I remember telling myself "Chase you have extreme trauma to your face and airway. You need to roll over to keep the blood from choking you, and most important you need to keep calm and control your heart rate." The first person to get to me was my brother in law Jesse. He was a paramedic as i mentioned, and was well prepared with his own breadcrumbs. He yelled for someone to call 911 and for adults to take the children away. As he and i talked about what I knew was happening inside me and he assessed my injuries my wife came running up. This is when time stopped again. I will for the rest of our lives remember this moment. My wife got down on her stomach and laid next to me. ( remember this is the woman who although loved me more than anything had not wanted to say a word to me that entire day after our fight.) I remember my wife and i locking eyes and we were both overcome with emotion. I grabbed her hand and looked at her face as we both laid in the wet grass. Not once did our eyes look away. She kept telling me "its ok im here" and I kept trying to tell her how sorry I was. This moment is the closest I've ever felt with my wife. The chaos around us stood still and it was just her and I. This moment in my memory lasted forever. She was wrapped in an amber light and though at the time I didn't know it was the trauma showing that glow, I thought this was going to be the most beautiful thing I see before I leave this earth. No-one else existed it was just her and I wrapped in a glowing light.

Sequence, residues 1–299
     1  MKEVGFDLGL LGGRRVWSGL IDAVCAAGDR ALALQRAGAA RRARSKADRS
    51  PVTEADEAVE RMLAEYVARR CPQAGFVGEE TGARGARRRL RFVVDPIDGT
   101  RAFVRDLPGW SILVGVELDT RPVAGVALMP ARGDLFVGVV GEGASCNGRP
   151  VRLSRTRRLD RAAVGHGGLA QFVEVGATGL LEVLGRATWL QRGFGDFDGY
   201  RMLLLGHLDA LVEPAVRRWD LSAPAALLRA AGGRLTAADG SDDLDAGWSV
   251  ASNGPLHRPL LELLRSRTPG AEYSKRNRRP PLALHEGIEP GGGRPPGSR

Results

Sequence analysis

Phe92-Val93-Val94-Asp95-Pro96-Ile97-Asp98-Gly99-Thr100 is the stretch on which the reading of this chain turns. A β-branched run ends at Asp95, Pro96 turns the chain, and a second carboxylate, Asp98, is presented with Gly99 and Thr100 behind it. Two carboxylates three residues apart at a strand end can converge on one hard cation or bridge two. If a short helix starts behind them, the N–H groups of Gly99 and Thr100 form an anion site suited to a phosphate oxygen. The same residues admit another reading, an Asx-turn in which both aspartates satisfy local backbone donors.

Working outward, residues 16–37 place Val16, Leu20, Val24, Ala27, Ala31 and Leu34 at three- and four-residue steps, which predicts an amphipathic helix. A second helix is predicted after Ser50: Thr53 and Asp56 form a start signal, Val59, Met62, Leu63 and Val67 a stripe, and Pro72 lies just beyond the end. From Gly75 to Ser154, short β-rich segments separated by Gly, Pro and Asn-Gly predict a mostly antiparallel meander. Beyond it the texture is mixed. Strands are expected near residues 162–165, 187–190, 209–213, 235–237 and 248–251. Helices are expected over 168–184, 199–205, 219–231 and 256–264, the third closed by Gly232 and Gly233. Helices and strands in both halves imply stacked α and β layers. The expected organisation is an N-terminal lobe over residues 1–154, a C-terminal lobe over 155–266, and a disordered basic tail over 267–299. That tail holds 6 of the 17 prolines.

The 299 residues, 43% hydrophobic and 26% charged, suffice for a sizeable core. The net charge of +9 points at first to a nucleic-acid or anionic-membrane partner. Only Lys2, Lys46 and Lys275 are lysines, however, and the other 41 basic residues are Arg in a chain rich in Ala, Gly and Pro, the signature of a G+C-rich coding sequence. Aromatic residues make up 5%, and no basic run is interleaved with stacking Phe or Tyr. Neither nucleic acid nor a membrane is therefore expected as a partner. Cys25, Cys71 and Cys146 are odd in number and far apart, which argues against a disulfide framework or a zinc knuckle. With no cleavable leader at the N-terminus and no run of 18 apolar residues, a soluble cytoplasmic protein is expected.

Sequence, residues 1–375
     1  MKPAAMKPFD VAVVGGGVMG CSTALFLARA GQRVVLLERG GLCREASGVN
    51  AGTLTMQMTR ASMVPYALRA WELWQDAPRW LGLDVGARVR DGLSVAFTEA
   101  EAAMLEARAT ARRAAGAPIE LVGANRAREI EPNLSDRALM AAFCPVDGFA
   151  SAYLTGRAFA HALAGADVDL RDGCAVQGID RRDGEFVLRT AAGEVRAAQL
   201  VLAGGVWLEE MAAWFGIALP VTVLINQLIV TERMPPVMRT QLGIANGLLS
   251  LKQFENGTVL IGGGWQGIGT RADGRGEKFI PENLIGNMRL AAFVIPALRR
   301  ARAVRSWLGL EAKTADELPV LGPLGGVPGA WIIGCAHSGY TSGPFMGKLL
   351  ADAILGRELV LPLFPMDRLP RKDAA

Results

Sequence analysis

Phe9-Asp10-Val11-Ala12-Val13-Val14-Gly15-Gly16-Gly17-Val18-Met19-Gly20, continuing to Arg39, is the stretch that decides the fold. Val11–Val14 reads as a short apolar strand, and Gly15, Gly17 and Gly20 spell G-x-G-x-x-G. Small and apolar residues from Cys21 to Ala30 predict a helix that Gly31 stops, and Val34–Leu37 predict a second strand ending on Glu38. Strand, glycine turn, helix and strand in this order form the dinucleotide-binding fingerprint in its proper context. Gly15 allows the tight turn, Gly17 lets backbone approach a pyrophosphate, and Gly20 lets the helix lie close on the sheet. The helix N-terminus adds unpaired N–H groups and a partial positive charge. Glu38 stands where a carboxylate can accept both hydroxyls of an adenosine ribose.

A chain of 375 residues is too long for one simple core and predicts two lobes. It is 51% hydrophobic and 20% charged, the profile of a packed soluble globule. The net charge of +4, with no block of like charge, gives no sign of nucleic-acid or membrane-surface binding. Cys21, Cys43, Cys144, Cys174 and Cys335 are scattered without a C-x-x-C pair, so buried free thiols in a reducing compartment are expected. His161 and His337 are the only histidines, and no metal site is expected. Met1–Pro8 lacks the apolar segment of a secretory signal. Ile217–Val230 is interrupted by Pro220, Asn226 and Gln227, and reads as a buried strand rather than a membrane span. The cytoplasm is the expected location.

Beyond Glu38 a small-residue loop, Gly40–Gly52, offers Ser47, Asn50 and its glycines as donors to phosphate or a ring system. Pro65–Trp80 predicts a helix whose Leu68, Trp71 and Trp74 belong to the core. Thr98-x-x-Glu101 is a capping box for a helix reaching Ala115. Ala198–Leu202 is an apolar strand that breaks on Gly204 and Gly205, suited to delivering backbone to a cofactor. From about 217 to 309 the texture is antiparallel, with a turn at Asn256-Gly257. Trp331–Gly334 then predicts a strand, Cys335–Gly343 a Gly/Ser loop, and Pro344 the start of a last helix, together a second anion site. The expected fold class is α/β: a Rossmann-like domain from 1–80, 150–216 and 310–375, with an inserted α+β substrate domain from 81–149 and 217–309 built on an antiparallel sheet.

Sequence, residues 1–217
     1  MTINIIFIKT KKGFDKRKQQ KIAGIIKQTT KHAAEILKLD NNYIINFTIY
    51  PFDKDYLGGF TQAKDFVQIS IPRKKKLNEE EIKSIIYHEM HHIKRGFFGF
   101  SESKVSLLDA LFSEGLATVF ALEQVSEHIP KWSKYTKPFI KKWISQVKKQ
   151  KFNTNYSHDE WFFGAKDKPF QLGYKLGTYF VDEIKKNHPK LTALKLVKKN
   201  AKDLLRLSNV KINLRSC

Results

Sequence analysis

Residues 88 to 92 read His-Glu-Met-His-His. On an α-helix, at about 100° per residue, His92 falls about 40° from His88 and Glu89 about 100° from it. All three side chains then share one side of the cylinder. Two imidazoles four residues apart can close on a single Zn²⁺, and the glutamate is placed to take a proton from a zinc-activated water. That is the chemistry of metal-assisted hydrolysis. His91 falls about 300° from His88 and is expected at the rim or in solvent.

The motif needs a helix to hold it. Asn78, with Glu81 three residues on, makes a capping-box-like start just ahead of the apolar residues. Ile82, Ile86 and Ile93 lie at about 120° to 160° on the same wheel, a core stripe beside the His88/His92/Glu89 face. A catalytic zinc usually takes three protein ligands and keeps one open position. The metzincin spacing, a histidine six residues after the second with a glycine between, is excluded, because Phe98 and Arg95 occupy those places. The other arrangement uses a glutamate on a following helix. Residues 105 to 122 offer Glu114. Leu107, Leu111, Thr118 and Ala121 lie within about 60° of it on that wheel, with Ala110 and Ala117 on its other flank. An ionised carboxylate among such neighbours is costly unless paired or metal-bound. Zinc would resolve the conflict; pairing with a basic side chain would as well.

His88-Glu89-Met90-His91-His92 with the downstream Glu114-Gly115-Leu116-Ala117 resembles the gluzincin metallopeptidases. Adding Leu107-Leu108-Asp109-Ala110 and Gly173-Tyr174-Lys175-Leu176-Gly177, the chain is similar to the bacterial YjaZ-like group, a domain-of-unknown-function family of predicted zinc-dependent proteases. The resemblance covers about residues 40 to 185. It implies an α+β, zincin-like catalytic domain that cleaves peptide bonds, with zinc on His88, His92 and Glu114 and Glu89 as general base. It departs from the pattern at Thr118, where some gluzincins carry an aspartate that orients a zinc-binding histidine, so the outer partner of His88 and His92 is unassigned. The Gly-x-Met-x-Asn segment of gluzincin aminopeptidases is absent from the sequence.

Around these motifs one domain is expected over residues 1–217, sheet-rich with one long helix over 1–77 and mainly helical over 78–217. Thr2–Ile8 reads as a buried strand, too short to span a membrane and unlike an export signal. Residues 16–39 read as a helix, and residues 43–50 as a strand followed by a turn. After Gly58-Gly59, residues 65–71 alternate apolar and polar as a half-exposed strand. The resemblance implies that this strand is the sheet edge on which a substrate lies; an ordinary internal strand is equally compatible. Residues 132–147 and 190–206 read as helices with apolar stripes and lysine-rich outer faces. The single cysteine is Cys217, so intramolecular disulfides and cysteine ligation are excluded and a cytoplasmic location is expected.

We were both shocked out of this moment when the ambulance arrived. The medics were my family, they were my friends, we had worked countless hours together at the fire department. They loaded me as quickly as possible and told me they were going to put me to sleep so they could stick a tube down and clear my airway. This is the last memory I have of that night.